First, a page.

The Crescendo and Concerto look and operate unlike any other electronics I’ve seen. The identical chassis have no apparent front- panel knobs or controls, just a small truncated-pyramid-shaped display with nothing more than a few symbols illuminating it. The minimalist look is possible because the system is controlled via an included iTouch and dedicated Wi-Fi network. Power-on and -off, source selection, volume, muting, and other functions are all made through the iTouch. The units are supplied with a pre-configured Wi-Fi router that can be plugged into any AC socket within Wi-Fi range. The Crescendo and Concerto are connected by an Ethernet cable, but get their instructions from the iTouch wirelessly via the router.
Via the iTouch interface you can change the display color (globally or by selecting a different color for each input), apply 10dB of attenuation on select inputs, name the inputs, monitor the heatsink temperature, and access other functions beyond those found on traditional remote controls. In practice, I appreciated that the iTouch liberated me from requiring a line- of-sight between the remote and the equipment rack. Of course, Viola’s remote app will run on any iDevice. As much as I like the feel of a heavy machined remote, the iTouch proved a welcome change in daily use. If the iTouch is out of power, the Crescendo and Concerto can be operated by the rudimentary front-panel display. The Crescendo’s display has power and volume up/down controls, and the Concerto a power on/off. These displays are contained within the small “V” shape cut into the front panel, which extends to the top plate and the back of the unit.
The chassis are machined from solid blocks of aluminum and have a monolithic look. Ridges are cut into the top plates that suggest heat sinks, but without the fins and sharp edges.
The power amplifier, housed in an identical chassis, has within this top-plate groove an unusual heat sink integrated into a slot running down the middle of the chassis. The metal work is gorgeous—as good as it gets. Moreover, the aluminum is anodized with a slightly grayish patina that gives the Crescendo and Concerto an elegant, yet businesslike vibe. The visual effect of the whole package is stunning.
The Crescendo is the second model up in Viola’s four- preamplifier line, and the only one to incorporate a digital- to-analog converter. In addition to digital inputs on USB and SPDIF, the Crescendo offers analog connectivity via three balanced and three unbalanced analog pairs. The output choices include balanced or unbalanced connection. The DAC can accept datastreams up to 192kHz/24-bit, with the sampling frequency and word length displayed on the iTouch.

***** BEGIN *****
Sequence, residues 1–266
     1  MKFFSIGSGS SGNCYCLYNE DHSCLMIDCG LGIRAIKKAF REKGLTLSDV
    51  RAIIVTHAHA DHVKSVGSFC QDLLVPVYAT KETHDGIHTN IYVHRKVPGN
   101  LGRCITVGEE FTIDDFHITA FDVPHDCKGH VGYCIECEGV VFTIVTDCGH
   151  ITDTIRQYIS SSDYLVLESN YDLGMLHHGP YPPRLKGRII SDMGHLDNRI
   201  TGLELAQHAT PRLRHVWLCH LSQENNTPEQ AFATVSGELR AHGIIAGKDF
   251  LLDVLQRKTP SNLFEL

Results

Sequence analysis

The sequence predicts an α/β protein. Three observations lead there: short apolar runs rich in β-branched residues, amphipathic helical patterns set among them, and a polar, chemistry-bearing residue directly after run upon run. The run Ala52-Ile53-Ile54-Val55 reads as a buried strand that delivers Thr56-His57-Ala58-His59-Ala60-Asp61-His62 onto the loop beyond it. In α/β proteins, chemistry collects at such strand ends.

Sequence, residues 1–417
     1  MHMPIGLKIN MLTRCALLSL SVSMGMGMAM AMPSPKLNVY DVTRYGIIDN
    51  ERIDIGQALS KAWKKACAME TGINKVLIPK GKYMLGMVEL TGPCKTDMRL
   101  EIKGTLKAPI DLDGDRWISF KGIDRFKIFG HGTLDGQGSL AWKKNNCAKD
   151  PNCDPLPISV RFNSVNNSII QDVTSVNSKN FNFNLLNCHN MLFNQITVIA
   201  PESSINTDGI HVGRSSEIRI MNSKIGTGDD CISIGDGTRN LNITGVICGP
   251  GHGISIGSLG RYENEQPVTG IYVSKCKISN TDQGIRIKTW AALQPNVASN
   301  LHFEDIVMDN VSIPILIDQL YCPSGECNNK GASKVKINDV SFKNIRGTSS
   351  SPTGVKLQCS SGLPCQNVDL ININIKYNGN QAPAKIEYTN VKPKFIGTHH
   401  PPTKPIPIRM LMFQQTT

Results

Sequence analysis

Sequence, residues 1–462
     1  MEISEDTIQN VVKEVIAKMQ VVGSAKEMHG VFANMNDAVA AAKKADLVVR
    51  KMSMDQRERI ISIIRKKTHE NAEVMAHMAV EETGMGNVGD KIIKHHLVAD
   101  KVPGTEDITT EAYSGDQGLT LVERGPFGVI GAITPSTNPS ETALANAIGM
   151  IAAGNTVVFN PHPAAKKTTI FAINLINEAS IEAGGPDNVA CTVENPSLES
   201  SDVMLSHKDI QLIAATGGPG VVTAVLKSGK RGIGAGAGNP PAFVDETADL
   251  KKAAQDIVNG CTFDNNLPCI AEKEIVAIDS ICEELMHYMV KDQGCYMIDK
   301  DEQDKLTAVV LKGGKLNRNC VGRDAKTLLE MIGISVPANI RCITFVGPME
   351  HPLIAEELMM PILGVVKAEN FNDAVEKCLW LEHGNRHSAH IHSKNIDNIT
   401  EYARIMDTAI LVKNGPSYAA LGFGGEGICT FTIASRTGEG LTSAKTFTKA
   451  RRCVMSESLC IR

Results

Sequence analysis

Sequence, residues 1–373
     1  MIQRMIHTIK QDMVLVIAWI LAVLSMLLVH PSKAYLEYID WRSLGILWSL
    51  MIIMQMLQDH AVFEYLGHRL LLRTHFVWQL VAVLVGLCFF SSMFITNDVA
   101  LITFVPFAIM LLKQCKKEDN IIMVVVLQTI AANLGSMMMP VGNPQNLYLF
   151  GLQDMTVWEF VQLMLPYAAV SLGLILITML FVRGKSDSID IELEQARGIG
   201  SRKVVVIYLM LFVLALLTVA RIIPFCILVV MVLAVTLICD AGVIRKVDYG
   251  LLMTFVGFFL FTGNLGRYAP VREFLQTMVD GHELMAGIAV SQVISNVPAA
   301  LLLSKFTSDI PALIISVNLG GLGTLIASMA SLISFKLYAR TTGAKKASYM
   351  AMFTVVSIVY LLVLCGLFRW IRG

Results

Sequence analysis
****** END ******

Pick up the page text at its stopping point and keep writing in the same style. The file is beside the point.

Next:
The circuit is based on Viola’s discrete operational-amplifier module. Op-amps needn’t be integrated circuits; they can be built from discrete components into a module that functions as an op- amp but without the sonic compromises of an integrated-circuit op-amp. Viola’s discrete op-amp is built from a low-noise FET input stage, a differential voltage-gain stage, and a low-output- impedance voltage follower. Volume control is realized with a discrete thin-film-resistor network controlled by switches (in 1dB steps—2dB steps below -50dB). The integral DAC section is built around an XMOS processor running on Viola’s own clock circuit and a BurrBrown PCM1794A DAC. The DAC section had no trouble locking to any sampling frequency and word length I fed it. Finally, the power supply is housed in a separate subsection within the monolithic chassis.
The Concerto is the entry point in the Viola power-amplifier line, with four models above it. The amplifier delivers 100Wpc into 8 ohms, and commendably, can double that output power into 4 ohms. The dual-mono design extends to the power supply, which employs a choke just after the transformer. This technique, developed many years ago for Cello products, is deployed throughout the Viola line. According to designer Paul Jayson, the choke smoothes the current spikes that charge the reservoir capacitors, keeping them more fully charged at all times. It’s intuitive to think of a power supply as drawing current from the wall on a consistent basis, but in fact current is pulled from the wall in spurts during the peaks of the 60Hz AC power waveform. The choke, with its inherent energy storage, spreads this energy out over a longer time and keeps the capacitors fully charged between the peaks in the 60Hz AC waveform. Incidentally, the power supply for both the Concerto and Crescendo automatically configures the transformer for the correct line voltage.